Business Finance
TAX 700 CSUS Internal Revenue Service Audit & Notice of Proposed Adjustment Memorandum

TAX 700

California State University - Stanislaus

TAX

Question Description

I don’t know how to handle this Accounting question and need guidance.

TAX 700 Final Project II Guidelines and Rubric
Response Memo to the IRS
Overview
Researching

special tax issues for clients is important these days, as the Internal

Revenue Service (IRS) can challenge every aspect of difficult tax

stances. Certified Public Accountants (CPAs) must strive to navigate

their way through the ever-complicated tax code and back up every stance

they take with facts, relevant federal statutory tax legislation, and

case law to create a strong argument. This course has provided you with

real-life examples of IRS adjustments and has given you the opportunity

to respond and defend your client.
The treatment of per diem expenses

on tax returns has become a trending issue for the IRS in regard to

combining them with lodging, not including them as wages when the

assignment is greater than one year, and even not adding back the meals

and entertainment portion as part of a tax adjustment. This is a

real-life topic that has affected many companies over the past several

years, and you will have the ability to defend it just as other CPAs

have done for their clients.
Imagine that you are a CPA working for

an accounting firm. Your client is a Fortune 500 public company that has

revenues exceeding $10 billion. It is a fast-growing company that has

engaged your firm to handle all tax compliance and consulting. The

client has recently received notification from the IRS, and they have

determined that they will be under audit for the prior tax year. The

client contacts you to help them through this process. While meeting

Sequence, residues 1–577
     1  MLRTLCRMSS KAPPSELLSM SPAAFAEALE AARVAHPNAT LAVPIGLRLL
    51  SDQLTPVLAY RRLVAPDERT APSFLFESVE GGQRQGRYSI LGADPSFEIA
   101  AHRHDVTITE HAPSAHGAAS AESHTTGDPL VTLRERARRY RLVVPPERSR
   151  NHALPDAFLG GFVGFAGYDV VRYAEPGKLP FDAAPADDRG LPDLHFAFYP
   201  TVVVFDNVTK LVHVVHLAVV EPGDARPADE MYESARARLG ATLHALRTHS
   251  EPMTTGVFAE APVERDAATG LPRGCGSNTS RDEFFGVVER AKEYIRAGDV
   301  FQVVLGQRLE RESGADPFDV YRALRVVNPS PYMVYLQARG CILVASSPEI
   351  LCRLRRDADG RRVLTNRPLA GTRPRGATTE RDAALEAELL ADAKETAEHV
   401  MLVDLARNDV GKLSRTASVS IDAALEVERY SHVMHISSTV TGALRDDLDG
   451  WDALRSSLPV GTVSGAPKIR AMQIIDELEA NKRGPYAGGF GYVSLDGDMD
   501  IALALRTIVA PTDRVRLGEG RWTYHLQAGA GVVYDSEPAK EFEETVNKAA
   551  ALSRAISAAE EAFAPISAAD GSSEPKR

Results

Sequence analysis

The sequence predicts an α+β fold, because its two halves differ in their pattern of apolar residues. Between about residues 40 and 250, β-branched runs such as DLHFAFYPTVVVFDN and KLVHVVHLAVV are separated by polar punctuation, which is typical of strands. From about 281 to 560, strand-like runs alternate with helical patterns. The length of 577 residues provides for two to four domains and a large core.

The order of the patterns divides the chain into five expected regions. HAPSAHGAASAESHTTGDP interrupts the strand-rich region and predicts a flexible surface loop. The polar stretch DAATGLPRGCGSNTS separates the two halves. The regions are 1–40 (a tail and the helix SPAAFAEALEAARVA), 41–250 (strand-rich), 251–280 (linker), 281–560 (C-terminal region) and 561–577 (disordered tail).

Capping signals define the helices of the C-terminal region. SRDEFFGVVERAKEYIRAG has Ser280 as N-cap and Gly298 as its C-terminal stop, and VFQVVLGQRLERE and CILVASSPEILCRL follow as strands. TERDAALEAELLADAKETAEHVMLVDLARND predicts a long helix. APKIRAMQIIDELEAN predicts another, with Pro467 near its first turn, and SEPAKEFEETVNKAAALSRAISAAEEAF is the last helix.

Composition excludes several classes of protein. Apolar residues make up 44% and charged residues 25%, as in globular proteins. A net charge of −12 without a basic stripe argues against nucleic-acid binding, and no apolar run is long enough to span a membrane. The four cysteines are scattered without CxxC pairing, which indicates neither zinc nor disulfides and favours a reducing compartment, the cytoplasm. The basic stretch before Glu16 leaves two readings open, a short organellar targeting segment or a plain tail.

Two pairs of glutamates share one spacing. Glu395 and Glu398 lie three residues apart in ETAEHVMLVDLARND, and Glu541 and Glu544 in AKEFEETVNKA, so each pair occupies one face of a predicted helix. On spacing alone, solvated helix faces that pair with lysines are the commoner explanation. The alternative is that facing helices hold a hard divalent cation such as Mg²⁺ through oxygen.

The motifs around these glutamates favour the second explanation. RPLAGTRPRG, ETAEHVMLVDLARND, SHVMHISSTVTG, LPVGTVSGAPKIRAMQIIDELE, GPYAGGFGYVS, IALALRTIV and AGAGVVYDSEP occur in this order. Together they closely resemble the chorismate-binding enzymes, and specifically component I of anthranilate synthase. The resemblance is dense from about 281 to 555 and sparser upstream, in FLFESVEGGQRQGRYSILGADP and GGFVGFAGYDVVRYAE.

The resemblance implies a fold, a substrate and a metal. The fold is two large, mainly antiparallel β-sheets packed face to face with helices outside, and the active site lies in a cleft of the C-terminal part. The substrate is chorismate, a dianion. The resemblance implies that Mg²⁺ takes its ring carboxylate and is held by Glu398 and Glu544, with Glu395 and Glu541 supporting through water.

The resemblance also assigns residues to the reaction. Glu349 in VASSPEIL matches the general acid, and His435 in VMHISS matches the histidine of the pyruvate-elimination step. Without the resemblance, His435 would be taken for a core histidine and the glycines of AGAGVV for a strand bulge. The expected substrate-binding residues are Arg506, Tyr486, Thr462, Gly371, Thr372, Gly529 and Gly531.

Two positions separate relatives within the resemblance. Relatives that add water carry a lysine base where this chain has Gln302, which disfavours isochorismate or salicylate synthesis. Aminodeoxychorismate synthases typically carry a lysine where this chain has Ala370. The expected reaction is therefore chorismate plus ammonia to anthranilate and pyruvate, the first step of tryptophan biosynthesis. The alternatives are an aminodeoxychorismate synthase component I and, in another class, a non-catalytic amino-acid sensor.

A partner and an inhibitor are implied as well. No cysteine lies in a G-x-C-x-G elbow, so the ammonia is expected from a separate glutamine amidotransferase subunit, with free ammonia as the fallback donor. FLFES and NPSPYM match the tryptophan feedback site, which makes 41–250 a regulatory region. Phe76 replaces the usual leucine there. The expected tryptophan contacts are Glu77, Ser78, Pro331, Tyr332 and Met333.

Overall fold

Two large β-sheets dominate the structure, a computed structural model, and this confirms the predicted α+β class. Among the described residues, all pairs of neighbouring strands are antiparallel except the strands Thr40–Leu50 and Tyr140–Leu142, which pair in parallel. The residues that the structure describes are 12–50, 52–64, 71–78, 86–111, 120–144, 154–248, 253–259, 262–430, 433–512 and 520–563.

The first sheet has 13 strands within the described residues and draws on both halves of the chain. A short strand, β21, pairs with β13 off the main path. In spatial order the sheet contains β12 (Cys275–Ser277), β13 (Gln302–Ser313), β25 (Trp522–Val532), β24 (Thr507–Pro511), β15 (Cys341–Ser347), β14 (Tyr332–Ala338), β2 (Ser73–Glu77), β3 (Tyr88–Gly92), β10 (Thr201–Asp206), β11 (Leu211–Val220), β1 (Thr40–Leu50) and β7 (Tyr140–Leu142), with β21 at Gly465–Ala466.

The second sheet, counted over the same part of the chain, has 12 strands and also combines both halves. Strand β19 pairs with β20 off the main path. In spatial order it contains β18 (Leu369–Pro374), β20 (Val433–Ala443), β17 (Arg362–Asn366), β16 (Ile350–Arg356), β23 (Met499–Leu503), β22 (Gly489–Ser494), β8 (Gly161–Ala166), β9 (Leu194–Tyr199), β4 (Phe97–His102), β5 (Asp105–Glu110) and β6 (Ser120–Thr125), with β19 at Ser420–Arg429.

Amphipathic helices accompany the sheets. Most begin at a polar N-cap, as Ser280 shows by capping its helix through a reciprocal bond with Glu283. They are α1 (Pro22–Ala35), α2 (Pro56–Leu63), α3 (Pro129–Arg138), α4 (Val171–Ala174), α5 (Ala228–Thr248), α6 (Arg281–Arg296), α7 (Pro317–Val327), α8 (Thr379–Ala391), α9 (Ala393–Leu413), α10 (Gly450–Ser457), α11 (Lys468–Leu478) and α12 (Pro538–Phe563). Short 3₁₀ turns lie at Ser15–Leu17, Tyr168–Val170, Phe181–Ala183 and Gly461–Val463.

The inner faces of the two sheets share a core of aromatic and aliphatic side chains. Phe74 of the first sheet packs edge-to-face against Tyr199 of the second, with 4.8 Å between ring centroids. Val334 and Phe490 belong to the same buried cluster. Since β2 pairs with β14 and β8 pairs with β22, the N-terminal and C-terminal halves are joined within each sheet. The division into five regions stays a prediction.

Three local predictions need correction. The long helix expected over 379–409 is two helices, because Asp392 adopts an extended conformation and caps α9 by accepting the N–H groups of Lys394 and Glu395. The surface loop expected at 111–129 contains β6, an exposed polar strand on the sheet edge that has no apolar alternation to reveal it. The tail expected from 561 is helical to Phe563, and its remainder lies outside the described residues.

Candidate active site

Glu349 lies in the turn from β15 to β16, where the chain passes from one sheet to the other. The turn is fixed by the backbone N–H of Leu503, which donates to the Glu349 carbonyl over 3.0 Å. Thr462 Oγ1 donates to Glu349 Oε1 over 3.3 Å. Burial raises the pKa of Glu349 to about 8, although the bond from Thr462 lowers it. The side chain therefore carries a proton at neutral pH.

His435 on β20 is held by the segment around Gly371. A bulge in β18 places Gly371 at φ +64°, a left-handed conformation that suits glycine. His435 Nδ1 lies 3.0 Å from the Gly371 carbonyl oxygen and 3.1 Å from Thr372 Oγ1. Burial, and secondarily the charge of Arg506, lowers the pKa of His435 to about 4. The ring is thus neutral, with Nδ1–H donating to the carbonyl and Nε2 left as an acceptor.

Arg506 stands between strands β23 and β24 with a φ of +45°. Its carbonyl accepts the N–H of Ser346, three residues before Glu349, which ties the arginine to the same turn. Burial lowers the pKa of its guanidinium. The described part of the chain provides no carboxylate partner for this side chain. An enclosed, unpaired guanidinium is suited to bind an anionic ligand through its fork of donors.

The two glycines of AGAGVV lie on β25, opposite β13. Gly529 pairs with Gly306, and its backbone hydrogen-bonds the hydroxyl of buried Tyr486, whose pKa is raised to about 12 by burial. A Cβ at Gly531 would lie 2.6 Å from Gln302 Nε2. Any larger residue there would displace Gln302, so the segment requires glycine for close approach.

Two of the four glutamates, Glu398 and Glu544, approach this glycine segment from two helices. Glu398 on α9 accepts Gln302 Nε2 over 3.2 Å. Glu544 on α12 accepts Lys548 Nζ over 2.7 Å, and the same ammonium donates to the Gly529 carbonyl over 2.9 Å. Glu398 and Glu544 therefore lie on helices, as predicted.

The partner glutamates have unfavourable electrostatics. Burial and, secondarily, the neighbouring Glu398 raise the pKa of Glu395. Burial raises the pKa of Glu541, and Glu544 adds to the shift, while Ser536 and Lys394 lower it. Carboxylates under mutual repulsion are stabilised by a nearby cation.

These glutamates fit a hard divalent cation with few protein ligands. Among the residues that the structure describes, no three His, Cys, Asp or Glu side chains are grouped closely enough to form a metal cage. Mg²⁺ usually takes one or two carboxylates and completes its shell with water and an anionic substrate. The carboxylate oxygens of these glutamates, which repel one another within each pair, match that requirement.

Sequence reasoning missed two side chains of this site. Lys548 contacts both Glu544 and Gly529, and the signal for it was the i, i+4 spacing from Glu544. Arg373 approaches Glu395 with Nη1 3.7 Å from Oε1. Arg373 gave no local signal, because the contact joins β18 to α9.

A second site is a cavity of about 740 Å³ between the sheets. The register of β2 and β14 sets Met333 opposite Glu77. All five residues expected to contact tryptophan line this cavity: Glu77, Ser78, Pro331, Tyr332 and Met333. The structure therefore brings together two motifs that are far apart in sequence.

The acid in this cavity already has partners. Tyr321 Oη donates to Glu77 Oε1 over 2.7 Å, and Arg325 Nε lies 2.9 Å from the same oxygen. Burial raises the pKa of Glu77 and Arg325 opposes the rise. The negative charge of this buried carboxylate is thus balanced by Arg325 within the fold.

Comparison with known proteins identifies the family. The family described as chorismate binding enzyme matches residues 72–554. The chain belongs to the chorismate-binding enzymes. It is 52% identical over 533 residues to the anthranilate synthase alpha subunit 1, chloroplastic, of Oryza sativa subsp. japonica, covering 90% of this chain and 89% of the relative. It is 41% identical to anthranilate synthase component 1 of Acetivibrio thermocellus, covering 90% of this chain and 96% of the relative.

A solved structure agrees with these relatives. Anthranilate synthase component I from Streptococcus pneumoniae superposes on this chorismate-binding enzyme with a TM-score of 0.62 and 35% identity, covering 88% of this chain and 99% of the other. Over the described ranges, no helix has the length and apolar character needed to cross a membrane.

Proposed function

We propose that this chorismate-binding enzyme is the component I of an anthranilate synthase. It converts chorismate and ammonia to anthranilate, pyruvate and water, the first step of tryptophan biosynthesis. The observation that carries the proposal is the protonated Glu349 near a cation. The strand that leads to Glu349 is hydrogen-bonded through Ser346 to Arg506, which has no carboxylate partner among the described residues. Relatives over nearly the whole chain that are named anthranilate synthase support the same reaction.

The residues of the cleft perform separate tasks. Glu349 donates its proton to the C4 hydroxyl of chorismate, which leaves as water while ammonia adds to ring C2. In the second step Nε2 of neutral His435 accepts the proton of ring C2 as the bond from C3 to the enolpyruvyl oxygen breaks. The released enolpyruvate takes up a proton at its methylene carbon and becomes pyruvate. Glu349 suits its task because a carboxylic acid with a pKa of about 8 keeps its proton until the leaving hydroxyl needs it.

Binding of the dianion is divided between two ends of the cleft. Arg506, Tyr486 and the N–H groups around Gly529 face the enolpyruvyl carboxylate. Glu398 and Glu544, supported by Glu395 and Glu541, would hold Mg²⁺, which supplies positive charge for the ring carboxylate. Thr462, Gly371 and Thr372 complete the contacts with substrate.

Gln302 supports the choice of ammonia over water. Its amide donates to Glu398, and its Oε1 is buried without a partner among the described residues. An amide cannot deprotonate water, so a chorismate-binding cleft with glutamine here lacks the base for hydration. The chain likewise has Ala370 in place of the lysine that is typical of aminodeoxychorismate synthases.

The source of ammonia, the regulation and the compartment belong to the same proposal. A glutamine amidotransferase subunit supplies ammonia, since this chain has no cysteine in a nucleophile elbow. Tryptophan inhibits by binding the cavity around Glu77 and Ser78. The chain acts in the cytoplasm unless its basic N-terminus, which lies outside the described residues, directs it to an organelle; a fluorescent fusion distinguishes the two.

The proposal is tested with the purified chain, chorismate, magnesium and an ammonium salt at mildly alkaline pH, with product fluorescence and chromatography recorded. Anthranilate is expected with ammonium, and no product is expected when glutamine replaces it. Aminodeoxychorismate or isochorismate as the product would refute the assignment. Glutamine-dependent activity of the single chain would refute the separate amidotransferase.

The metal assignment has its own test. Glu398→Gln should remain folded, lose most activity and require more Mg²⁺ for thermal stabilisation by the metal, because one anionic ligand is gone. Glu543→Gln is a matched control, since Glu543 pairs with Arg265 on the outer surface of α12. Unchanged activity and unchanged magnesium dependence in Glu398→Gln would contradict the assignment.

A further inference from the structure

with the IRS to understand what they need for their audit, you provided

the IRS with your client’s trial balances, recent tax return work

papers, and the tax returns themselves.
After further review of those

documents, the IRS provided your client with a Notice of Proposed

Adjustment (NOPA) related to per diem expenses that the client has been

providing to their employees when they travel for business. The per

diems were for the combined lodging and meal expenses. The IRS is

recommending that these per diems are nondeductible at a rate of 50

percent. The adjustment they have proposed is $5 million. While

discussing the issue with your client, you learn that they have

accounted for per diem expenses the same way for the past several years

in their tax returns. You estimate that the fees associated with your

services will be $250,000. This fee includes defending your client

before the IRS, drafting a response plan, preparing a NOPA response, and

defending your client through an appeal.
In Final Project I, you

drafted a plan for how your client should respond to the NOPA. Your plan

explained the client’s current situation, determined why they should

appeal to the IRS, and advised them on how to properly document the tax

uncertainty on their public disclosures. You also recommended measures

that your client can take to correct the tax issue related to per diems

for avoiding future audits.
For Final Project II, you must prepare a

memo to the IRS in response to the NOPA to initiate the appeal. Your

response will discuss the issue associated with the

Unformatted Attachment Preview